RIVERSIDE, Calif. - Gov. Jerry Brown's $180 billion 2017-18 state budget blueprint contains proposals that seem to put California's finances on a stable path going forward, a Riverside County lawmaker said today, as the state braces for changes at the federal level.
``I applaud the governor for recognizing that we cannot afford to keep spending at current levels if we are to protect public safety and keep providing vital lifesaving services for people truly in need," Sen. Jeff Stone,
R-La Quinta, said in response to the budget submitted by the governor. The change in Washington, D.C., will have a real and material impact on our revenues, and the state needs to be realistic in its budgeting,'' the
senator said. ``We face a multibillion-dollar gap in federal funding, and the state needs to be responsible enough to plan for a substantial loss of federal dollars."
In his letter to the Legislature, Brown warned that the ``surging tide of revenue increases that we enjoyed the past few years appears to have turned.'' "We now face a budget deficit of $2 billion,'' he wrote. ``While this
amount pales in comparison to the $27 billion deficit we faced in 2011, it demands our attention. Small deficits can quickly mushroom into large ones if not promptly eliminated.''
Brown said his proposed budget seeks to curtail ``planned spending increases'' while continuing to boost funds for K-14 education and social programs.
The budget plan calls for a $1.15 billion allocation to the state's Rainy Day Fund, bringing the balance to $7.9 billion at the end of the 2017-18 fiscal year. The amount is just under two-thirds of the constitutional target -- 10 percent of all tax revenues -- but would still provide a cushion if the state's financial condition turns sour due to a recession or other developments, Brown said.\
Spending growth would be kept in check to the tune of $3.2 billion, thanks to budgetary adjustments and ``recapturing unspent allocations from 2016,'' according to the plan.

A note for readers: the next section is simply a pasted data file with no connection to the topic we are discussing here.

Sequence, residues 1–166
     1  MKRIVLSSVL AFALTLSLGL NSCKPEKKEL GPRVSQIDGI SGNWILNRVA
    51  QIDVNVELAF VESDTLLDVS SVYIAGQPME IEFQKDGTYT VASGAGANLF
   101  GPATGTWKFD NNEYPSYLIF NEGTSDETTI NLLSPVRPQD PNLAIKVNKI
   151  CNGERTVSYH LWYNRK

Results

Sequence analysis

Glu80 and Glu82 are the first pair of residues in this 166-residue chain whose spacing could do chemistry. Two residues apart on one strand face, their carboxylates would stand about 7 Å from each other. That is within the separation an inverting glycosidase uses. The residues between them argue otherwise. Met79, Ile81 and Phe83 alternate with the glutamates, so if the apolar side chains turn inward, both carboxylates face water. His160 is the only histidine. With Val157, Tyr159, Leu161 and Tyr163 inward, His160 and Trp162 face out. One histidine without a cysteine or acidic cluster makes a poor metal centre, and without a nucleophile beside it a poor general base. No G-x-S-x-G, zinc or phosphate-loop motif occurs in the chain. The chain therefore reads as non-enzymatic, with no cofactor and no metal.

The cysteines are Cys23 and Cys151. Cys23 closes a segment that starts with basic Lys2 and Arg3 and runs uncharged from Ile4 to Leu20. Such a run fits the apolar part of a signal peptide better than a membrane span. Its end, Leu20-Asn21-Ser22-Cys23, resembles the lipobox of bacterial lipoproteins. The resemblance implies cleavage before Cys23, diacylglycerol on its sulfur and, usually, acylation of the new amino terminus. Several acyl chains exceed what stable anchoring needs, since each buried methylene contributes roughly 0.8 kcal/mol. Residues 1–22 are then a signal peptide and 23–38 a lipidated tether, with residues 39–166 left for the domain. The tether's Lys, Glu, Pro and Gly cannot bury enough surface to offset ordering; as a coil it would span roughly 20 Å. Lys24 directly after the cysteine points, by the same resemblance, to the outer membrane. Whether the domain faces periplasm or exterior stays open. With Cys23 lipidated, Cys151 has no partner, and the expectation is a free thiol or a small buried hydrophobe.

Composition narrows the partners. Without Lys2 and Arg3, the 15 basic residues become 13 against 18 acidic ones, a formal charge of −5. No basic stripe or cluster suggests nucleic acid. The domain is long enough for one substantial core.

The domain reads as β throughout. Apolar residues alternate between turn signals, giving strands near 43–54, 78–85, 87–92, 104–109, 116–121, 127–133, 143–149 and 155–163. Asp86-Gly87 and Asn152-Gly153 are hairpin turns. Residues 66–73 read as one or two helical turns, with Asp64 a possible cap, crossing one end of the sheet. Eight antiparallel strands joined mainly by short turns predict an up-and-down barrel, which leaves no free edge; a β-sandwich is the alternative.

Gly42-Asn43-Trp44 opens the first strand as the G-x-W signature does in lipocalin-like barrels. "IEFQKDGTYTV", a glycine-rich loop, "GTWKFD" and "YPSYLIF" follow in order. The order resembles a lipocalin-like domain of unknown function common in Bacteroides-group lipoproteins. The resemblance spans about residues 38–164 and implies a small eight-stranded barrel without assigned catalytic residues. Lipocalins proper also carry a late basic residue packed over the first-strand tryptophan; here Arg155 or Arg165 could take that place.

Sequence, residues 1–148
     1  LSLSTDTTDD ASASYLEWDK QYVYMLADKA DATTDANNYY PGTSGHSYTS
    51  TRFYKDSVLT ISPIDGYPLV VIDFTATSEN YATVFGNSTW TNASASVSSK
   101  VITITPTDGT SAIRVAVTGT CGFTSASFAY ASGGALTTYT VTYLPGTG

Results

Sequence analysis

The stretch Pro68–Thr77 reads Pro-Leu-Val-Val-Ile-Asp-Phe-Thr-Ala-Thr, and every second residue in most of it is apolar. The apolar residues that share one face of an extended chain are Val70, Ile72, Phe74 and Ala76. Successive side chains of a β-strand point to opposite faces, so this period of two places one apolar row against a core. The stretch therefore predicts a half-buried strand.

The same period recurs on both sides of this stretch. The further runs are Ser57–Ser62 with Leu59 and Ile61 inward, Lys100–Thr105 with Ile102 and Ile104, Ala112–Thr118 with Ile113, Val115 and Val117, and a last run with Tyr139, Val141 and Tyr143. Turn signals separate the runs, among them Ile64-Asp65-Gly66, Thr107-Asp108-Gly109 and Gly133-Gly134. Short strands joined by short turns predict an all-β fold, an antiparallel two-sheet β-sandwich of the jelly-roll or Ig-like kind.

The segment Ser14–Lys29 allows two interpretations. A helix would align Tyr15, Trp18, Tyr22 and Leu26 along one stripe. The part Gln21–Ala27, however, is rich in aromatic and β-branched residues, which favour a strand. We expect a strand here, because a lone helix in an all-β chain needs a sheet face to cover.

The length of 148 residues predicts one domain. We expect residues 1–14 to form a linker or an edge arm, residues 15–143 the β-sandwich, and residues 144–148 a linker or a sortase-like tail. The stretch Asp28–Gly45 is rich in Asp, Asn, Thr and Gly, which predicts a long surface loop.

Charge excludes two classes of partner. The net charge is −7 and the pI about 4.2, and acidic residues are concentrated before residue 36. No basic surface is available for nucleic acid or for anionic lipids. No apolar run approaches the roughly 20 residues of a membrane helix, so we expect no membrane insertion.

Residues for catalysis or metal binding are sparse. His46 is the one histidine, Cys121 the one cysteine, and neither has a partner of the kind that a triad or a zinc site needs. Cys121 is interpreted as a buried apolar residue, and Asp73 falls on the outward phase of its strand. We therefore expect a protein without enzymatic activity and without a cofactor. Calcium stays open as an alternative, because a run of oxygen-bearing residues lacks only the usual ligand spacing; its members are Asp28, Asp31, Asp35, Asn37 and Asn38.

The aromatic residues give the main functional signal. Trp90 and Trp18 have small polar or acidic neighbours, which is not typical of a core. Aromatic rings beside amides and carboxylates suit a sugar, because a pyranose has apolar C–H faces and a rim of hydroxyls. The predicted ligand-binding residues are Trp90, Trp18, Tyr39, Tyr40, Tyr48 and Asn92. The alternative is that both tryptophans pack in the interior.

Brown said K-14 spending should be allowed to reach $73.5 billion in the next fiscal year -- 55 percent above the level in 2011-12.
The governor supports an expansion in Medi-Cal spending, as well as infusions for the state earned income tax credit, Supplemental Security Income, CalWorks and childcare programs.
Brown is requesting ``urgency legislation'' to extend the state's cap-and-trade program, under which oil companies, fuel refiners, transporters and other entities are required to purchase credits, or offsets, to reduce their so-called carbon footprint.
The program was established under AB 32, the California Global Warming Solutions Act of 2006, and has been blamed by critics for higher gas prices. Supporters argue that it's contributing to cleaner air.
President-elect Donald Trump's platform to crack down on illegal immigration and slash energy regulations have elicited criticism from the governor and Democratic lawmakers, but Stone hopes for a friendlier atmosphere.
``The answer to our structural budget deficit is to grow the economy by creating more good-paying jobs, and my hope is that Democrats and Republicans can come together to work with the White House and the Congress to make sure California can be a place where businesses feel comfortable locating and
expanding," he said.